The final tally was Kansas 102, Missouri 65. And the worst part is that it wasn’t a surprise. If these teams played 50 times, the margin might be that big in 40 of them. This isn’t a Kansas team that has the talent of some of the vintage ones Missouri faced in the Big 12. Don’t get me wrong, the Jayhawks are good, but I don’t see the elite next-level talent on this team that I’ve watched in this building before. And still, Missouri looked like it was playing a different sport.
"We just lost the game in my opinion," Cuonzo Martin said when asked about the game being a measuring stick for his program. "We lost to a good team."
Javon Pickett made his first five shots and scored 13 points in the first half. Kobe Brown has already proven he’s capable of being a contributor on an NCAA Tournament level team, but sat the last 8:41 of the first half with two fouls while Kansas outscored the Tigers 21-6 because Cuonzo Martin seemed to think it was more important to have Brown on the floor for the second half of a game that was over than risk a third foul when Mizzou trailed by only seven points.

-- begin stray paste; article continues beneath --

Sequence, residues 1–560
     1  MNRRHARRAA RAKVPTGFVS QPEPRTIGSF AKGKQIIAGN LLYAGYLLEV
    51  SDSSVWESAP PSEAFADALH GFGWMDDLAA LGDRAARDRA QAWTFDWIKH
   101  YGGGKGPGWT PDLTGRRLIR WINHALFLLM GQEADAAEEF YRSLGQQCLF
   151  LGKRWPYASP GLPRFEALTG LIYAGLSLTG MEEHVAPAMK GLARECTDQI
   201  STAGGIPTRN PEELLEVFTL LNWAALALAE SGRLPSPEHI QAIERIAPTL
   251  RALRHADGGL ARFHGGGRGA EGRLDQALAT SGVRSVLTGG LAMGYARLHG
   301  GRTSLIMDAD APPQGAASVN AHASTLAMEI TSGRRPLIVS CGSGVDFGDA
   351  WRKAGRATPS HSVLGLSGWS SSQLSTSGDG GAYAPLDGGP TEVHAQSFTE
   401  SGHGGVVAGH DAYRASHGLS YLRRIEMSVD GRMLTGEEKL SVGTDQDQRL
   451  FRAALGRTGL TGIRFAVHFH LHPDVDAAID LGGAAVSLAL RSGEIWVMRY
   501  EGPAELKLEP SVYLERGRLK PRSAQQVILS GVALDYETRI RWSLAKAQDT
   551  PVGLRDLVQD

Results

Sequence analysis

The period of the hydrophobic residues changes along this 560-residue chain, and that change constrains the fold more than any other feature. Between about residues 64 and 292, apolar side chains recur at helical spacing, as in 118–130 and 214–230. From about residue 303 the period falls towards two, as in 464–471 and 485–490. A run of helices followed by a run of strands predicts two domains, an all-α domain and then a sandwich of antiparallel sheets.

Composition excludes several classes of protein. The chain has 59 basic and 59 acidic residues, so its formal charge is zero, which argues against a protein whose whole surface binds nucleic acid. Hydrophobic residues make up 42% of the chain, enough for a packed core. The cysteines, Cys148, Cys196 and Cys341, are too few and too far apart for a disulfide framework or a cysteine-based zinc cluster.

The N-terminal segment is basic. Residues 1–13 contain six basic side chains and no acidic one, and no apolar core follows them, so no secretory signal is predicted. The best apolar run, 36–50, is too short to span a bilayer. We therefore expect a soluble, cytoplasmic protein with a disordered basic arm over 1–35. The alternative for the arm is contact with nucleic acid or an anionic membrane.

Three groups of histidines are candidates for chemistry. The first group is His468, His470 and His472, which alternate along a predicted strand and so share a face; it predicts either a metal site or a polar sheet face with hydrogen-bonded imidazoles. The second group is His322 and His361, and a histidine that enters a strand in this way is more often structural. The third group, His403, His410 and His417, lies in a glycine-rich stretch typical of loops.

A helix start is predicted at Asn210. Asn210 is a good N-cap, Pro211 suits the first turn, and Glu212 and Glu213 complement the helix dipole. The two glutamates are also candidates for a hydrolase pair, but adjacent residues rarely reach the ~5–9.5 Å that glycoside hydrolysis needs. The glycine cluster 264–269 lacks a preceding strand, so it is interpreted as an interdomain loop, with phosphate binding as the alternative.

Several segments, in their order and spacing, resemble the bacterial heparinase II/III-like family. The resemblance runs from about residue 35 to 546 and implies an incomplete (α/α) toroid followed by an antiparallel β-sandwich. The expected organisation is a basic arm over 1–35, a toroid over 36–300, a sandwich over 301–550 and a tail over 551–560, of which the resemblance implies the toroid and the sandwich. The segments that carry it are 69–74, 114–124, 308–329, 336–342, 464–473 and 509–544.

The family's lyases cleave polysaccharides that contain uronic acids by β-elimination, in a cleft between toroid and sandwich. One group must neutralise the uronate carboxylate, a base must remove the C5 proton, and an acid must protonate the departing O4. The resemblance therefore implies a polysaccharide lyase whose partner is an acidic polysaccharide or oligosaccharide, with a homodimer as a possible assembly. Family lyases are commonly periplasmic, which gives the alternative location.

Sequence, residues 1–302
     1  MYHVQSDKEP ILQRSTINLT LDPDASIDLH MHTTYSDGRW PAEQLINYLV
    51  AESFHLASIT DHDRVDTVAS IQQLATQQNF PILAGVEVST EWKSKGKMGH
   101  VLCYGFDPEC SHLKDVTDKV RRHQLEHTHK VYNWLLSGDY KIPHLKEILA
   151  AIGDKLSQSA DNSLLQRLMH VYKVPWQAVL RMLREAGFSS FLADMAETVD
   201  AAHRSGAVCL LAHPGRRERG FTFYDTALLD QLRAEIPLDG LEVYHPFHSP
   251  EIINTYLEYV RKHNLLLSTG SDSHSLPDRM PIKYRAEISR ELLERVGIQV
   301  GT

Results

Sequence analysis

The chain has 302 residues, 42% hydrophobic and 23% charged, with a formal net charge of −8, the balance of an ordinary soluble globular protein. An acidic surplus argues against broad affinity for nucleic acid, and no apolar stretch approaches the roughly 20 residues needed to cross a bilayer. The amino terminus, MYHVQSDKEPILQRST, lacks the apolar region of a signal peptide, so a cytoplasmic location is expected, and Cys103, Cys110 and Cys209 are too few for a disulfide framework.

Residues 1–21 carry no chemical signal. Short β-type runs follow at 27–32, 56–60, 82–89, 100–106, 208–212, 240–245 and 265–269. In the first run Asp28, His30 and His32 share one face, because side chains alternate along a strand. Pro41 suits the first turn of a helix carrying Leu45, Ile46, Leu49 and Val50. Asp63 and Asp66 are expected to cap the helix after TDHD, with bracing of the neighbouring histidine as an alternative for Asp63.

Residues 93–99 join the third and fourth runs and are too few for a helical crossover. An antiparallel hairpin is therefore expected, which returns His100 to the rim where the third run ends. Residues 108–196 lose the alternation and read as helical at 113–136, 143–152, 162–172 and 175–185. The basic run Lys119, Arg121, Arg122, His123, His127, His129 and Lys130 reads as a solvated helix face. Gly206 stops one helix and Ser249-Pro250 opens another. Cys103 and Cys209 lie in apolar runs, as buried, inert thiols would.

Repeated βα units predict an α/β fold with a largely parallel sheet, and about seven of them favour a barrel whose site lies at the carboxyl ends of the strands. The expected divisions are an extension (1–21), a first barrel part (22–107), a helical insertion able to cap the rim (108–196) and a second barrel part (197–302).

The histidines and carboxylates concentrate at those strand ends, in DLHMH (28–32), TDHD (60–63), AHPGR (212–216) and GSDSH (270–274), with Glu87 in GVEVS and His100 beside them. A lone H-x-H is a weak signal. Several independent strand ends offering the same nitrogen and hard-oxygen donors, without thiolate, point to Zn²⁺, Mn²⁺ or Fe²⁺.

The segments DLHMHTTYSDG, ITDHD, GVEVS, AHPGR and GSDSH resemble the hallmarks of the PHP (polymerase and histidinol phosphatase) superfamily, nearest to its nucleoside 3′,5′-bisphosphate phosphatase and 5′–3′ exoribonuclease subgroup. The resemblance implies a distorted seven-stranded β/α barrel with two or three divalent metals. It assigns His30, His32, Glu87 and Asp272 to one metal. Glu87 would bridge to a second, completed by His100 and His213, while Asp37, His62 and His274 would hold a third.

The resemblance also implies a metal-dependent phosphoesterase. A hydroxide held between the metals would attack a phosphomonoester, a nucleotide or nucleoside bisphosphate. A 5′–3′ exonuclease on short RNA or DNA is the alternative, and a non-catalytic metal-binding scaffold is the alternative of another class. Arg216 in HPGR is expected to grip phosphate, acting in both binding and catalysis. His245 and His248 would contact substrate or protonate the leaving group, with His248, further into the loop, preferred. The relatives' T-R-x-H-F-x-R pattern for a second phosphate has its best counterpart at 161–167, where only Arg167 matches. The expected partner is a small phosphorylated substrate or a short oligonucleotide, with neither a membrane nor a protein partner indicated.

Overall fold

Other than that, I struggled to find a player who looked like he could compete against this level of competition. DaJuan Gordon is athletic enough and at least didn't seem intimidated and showed some flashes on his way to ten points. Other than that?
Amari Davis did not score and finished minus-40 in 25 minutes.
Jordan Wilmore had one rebound, two points, three turnovers and four fouls--including a technical--as Mizzou was outscored by 16 in his eight minutes.
Ronnie DeGray had five points and a rebound in 20 minutes in which the Tigers were outscored by 23.
And those are the guys who are supposed to be this team's better players.
Freshmen Anton Brookshire, Yaya Keita and Kaleb Brown combined for three points in 39 minutes. Sean Durogordon did have 11 and Trevon Brazile ten, though virtually all of them came late in the second half with the freshmen getting thrown to the wolves in a game that was long over.